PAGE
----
Quote from onduty23
i am a new nurse i worked night shift. so my dilema is it approriate to call the doctor for certain manners or not. take for instead a pt ask me to call his doc for meds to make him make stools. do we call doc late at night for such matters or wait till morning. when do you guys feel it approriate or not to call doc i need situations?
also it is my understanding we only called the doc for critical lab values is this true?
not just for critical lab values.
in fact, there are some "critical" lab values that i wouldn't
call the doc about in the middle of the night. positive blood cx on someone already being tx'd appropriatly? nope (a "critical" lab value in my facility). ok if you arn't sure the lab is being treated correctly, but if the patient is arleady on broad-spectrum abx becasue the doc anticipated
positive blood cx, then i'm not calling. it can wait until morning.
call a doc for an alert k+ level on a patient that has a prn for kcl iv? nope, again, not calling.
call a doc for an alert bun or creat in a dialysis patient? again, no, not calling.
i could go on, but i'll spare you
my (general) rule:
is the phone call going to address the patients comfort and/or well-being, and is it (or should it) going to change management?
as for the laxative (and other basic needs) request: is there some nursing
intervention that can be done first? warmed prune juice with a couple of pats of butter in it (i know,
, i agree) works wonders. unless the patient is on a restricted diet (and a very restricted diet, at that) this is within the scope of nursing interventions.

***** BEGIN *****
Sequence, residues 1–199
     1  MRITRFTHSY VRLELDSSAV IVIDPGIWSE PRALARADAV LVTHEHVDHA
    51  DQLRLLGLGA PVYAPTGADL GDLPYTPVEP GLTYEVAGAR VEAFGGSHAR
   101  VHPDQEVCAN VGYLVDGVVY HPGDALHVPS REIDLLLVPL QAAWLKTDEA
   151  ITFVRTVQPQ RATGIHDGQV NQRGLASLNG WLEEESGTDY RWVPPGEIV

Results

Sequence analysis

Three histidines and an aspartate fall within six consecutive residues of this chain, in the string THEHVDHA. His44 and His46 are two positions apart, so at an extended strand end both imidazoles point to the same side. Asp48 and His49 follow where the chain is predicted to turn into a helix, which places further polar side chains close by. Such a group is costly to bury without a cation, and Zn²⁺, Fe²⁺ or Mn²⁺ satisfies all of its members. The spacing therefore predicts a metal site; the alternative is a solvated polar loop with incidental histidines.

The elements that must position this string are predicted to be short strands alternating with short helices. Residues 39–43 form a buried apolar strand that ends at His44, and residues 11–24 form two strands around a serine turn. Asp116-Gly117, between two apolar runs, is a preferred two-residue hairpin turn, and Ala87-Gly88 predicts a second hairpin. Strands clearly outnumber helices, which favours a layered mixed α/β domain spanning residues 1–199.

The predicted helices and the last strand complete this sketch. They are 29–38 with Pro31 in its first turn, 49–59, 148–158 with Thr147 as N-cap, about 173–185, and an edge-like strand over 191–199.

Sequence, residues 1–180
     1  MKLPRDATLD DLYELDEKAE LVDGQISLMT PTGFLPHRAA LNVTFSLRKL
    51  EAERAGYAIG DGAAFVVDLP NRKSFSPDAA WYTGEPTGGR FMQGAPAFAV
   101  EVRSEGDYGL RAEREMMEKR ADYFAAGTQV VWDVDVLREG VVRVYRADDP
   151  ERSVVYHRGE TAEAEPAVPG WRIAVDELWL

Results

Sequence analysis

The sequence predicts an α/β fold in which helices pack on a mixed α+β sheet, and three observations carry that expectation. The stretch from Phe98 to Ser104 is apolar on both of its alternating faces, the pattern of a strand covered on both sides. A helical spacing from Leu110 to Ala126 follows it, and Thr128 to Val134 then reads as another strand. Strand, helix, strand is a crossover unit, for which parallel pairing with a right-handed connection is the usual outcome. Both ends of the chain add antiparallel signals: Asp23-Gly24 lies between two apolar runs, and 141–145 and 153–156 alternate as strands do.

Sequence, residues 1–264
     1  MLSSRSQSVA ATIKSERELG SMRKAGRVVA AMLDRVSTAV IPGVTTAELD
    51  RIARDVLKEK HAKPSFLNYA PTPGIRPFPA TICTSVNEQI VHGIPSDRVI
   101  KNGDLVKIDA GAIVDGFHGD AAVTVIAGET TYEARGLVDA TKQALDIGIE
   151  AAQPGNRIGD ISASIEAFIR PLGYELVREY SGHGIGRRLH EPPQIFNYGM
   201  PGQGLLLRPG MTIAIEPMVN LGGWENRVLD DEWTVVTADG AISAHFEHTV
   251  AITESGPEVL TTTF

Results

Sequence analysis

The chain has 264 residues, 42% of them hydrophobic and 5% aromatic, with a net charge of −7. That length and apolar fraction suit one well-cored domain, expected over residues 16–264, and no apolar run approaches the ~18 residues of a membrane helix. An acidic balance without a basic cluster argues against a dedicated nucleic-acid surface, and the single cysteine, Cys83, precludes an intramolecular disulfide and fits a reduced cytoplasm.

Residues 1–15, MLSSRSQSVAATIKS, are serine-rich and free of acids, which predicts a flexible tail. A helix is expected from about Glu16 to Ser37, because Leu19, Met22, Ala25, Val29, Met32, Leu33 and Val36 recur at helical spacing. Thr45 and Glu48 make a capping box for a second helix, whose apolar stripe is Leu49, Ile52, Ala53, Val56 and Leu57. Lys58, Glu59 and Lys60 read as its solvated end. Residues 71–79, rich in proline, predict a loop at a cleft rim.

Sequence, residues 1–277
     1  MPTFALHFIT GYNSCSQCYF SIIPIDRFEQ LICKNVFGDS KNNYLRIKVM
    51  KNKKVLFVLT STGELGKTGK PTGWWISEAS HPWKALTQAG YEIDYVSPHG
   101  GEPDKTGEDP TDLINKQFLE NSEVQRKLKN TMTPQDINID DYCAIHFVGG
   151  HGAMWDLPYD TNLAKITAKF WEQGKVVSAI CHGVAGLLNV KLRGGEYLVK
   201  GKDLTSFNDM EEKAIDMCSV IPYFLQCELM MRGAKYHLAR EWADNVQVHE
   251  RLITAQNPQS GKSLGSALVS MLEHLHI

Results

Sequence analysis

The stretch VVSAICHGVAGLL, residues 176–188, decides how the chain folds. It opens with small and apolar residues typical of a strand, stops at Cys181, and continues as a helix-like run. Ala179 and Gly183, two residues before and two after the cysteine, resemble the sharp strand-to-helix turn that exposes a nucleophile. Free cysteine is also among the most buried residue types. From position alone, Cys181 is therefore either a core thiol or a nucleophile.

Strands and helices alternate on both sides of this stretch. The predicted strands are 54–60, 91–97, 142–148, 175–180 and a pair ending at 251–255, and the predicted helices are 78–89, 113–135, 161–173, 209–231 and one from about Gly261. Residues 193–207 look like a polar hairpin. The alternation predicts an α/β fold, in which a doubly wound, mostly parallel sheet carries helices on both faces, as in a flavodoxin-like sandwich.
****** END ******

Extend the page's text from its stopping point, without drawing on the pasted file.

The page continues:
c/o gas pain? forget the rx for gas-x, walk them. (if possible)
can't pee? hands dipped in warm water (and some privacy -- some people get "stage fright") will work, too.
(i worked as a cna on a post-op floor, so many of my nursing intervention ideas come from that population)
there are many, many things that docs need to be made aware of in the middle of the night. critical labs are only a small part of it, (and those may have already been covered--in anticipation--with prn orders, negating the need for a call.) unrelieved pain is one. any
significant change in patient status. much of this is difficult to determine when you are new. that is where your coworkers come in. but is always better to call, than to not call. as daytonite said, have your info together and know what you want to say.
it is also nice (though not necessary) to check with your coworkers to see if anyone else needs something they were going to call about a little later.
sometimes, there are things that need to be taken care of on your shift, but don't need to be addressed immediatly. these things can wait until after 6am, when most docs are already up. iv blew and can't be restarted and you want an order for a picc? that can usually wait until morning. especially since (this is my current job) i'm not coming in during the middle of the night to put the picc in (now, if the patient is getting something critical, you may need to call anyway to give the doc the option to come in and put a central line in -- even though that will never happen if you work where i work. it still gives them the option.)
i will say this: in the medical world (docs and med students) much ado is made over the 2am nurse call for a tylenol order. this is what i have to say: 1. if you don't want to be called for it, order it on the admit orders, i can't control when the patient spikes a temp; and 2. i didn't call to ask for tylenol, i called because the temp spike. thought you might like other things, like cultures, maybe an xray, maybe a ct (depending on the situation -- when i worked inpatient, i mostly worked surgical icu, so these were the common orders). i didn't call for the tylenol order,
but did ask you for it while i had you on the phone.